Hundreds of thousands denied pensions in Russia
12 February 2020
Approximately 800,000 people have been kept off Russia’s retirement rolls since the government implemented reforms in late 2018, according to the country’s pension fund.
The changes, which are being instituted over the course of several years, raise the retirement age by five years for men and women. Based on the average size of Russia’s pension in 2019, by one estimate those whose retirement is delayed by the full five years will lose 848,000 rubles in income or about $13,200.
The pension reform is deeply unpopular. It has provoked widespread opposition, including street protests in 2018 and 2019. There are 42 million people receiving pensions in Russia currently and another 10 million nearing retirement age. Collectively, this constitutes about half of the country’s adult population. In dozens of regions of the country, male life expectancy is lower than or very near to the new retirement age, meaning that many will never live long enough to see a pension.
In an effort to assuage social anger and drum up support for constitutional reforms he is seeking, President Vladimir Putin recently announced the indexing of pensions to inflation. This small increase in the size of Russian pensions will be placed, alongside other constitutional changes, on an April 2020 “consultative” ballot. The country’s parliament has already given its stamp of approval in a Duma reading that lasted all of about two hours.
Earlier this month, the state pension fund declared that, in keeping with the anticipated constitutional reforms, as of February 1 it had raised pension outlays for some recipients—war veterans, individuals suffering from radiation exposure, and those who have been named heroes of the Soviet Union or Russia or heroes of socialist labor—by three percent. The total additional cost for each of the 15 million people who fall into these categories comes to around 1500 rubles, about $23.50. The pension fund is also increasing the burial allowance paid out to the family of deceased pensioners to 6,124 rubles, about $95.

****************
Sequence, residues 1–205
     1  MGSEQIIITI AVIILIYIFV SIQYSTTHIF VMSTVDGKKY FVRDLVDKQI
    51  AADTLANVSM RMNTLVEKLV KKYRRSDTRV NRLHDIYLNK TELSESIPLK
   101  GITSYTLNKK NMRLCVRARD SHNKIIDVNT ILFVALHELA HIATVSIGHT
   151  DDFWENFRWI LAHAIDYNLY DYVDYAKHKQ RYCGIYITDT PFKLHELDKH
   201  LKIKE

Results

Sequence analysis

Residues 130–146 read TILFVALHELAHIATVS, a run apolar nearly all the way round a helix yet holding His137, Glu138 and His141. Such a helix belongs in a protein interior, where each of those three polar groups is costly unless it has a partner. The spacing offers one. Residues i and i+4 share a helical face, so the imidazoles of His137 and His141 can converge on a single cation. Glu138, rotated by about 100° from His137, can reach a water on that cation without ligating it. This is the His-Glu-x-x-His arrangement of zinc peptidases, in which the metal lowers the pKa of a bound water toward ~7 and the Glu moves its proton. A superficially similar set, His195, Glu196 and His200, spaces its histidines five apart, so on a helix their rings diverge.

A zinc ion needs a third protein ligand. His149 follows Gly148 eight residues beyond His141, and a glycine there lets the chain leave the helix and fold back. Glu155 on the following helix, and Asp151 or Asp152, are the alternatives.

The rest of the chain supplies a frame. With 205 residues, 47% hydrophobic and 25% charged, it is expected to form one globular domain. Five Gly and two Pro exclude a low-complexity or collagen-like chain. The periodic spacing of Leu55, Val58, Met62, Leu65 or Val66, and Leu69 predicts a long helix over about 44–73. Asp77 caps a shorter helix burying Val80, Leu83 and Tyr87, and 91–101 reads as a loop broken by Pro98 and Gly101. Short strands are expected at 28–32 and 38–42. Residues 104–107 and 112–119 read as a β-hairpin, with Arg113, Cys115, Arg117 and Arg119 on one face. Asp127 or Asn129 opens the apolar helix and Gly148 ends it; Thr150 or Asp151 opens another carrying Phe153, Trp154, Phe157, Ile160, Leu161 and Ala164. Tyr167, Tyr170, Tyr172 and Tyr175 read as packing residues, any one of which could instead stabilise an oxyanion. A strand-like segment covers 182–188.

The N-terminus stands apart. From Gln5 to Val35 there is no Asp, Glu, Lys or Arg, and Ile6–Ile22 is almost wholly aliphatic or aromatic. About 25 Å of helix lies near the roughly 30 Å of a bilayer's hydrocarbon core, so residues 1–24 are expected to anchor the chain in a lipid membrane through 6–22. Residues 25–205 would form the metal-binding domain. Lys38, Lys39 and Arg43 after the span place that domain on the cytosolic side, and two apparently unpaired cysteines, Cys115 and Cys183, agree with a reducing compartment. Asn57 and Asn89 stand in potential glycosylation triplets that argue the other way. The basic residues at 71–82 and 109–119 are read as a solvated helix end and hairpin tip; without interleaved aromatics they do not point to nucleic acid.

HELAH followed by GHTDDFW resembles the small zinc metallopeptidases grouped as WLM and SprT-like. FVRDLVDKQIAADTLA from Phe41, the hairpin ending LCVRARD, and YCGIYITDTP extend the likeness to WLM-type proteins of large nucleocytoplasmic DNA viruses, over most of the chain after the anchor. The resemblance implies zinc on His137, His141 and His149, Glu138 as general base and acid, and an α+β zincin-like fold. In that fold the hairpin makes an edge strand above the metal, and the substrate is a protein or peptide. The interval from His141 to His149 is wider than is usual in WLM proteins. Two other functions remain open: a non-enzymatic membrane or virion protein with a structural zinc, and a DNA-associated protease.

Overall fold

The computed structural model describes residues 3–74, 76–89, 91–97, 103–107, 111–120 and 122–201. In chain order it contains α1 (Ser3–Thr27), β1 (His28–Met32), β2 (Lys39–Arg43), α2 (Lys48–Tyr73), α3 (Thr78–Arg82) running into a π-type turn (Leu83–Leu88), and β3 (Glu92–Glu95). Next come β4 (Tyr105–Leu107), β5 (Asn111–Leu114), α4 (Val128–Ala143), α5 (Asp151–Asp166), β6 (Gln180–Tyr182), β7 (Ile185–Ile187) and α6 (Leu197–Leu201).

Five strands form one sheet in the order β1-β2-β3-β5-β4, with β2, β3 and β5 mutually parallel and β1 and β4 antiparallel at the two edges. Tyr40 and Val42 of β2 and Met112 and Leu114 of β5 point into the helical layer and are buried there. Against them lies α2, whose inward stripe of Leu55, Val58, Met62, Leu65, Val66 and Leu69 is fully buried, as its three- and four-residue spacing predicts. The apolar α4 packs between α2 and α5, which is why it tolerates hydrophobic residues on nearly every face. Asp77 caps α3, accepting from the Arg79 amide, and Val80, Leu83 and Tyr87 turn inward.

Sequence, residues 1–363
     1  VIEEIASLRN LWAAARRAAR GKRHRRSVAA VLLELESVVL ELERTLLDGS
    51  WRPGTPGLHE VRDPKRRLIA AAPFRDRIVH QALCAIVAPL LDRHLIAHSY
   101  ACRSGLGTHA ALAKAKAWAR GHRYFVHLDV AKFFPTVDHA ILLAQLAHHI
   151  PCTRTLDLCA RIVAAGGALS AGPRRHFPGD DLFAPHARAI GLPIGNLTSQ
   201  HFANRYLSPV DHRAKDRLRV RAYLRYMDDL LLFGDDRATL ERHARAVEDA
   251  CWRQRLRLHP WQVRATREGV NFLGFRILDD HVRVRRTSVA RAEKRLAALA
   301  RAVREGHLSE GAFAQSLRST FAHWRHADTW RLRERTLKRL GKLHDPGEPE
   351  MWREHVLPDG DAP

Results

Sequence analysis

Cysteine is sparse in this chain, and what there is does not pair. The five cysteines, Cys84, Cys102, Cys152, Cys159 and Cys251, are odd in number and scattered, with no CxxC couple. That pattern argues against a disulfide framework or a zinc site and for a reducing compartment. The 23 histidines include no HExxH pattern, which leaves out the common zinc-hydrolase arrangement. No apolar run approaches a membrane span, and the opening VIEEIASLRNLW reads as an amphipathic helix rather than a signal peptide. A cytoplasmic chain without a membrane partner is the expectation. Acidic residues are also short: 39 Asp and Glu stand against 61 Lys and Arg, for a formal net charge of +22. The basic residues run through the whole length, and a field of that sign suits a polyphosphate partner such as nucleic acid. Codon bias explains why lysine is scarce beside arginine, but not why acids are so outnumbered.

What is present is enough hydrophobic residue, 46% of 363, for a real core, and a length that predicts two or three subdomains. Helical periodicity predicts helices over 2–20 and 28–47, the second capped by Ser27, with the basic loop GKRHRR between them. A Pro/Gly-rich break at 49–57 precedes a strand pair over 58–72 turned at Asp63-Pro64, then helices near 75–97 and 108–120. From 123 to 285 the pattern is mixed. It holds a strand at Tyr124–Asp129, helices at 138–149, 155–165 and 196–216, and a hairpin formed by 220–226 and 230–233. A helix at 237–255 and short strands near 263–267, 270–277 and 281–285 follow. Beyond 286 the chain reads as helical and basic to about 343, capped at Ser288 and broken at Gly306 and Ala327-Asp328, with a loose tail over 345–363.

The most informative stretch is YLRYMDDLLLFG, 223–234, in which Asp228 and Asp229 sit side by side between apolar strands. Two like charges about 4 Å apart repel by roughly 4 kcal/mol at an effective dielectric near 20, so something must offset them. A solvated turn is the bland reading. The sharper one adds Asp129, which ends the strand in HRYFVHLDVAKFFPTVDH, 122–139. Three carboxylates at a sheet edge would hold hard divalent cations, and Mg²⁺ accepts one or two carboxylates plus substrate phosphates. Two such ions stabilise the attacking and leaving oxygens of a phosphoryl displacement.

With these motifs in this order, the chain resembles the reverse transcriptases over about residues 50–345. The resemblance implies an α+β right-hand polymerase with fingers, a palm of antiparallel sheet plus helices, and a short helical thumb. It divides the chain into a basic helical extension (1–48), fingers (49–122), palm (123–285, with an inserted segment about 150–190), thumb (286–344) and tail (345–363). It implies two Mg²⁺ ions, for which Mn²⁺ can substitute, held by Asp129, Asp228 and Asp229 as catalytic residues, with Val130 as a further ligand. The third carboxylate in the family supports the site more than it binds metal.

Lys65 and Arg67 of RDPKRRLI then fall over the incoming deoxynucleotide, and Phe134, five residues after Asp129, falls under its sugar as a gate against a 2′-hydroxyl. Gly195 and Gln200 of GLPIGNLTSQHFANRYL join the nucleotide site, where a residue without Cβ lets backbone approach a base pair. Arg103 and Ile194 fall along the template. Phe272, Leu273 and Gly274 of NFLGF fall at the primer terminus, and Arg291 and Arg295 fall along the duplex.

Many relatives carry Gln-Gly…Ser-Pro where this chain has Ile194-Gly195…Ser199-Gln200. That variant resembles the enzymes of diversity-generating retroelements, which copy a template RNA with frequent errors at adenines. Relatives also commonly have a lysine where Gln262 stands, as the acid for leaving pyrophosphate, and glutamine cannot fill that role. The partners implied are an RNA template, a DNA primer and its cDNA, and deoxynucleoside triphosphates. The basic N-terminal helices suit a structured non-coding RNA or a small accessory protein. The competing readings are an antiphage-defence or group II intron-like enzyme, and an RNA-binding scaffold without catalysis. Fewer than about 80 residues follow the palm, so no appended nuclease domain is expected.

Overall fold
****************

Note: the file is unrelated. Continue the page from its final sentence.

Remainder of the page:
The miserable and absurd character of these changes found expression in a February 9 news broadcast, when an anchor with Vesti-Kamchatka lost her composure and began laughing while attempting to report the details of the government’s new “social spending.” For medicines, these pensioners have been allotted the equivalent of 900 rubles a month, about $13.86. For visits to health sanitorium they will get 137 rubles a month, about $2.15. And for transportation, including internationally for medical purposes, they can expect 128 rubles, about $1.99. The footage showing reporter Alexandra Novikova’s open derision was leaked online and has since spread across the internet.
Inflation in Russia for essential consumer items, particularly food, tends to outstrip that of the economy as whole, which means that pension increases often have little to no effect on the well-being of retirees. Overall, real incomes in the country have been falling for several years, counteracting the effect of a generally low unemployment rate. Currently, food costs are rising dramatically in Russia’s far east, due to the closing of the border with China over fears of the coronavirus.
While Russian law establishes that pensioners cannot receive less than a “living minimum,” this level is absurdly low. On average in 2019 it amounted to about 8800 rubles a month for the elderly, approximately $137. Similar to what exists elsewhere around the world, retirees regularly have to choose between buying medicine, purchasing food, and covering their utility bills.
Five days ago, Russia’s newly installed prime minister, Mikhail Mishustin, declared the government’s primary goal to be building “people’s belief in the future.” In an effort to boost Russia’s growth rate, which hovers around a sclerotic 1.5 percent, and contain social anger over the gutting of social spending, the Kremlin has announced it will boost investment in so-called “national projects.” The amounts promised for healthcare, education, and housing, should they even materialize, are paltry and will in no way reverse the decades-long attack on the living standards of the Russian working class.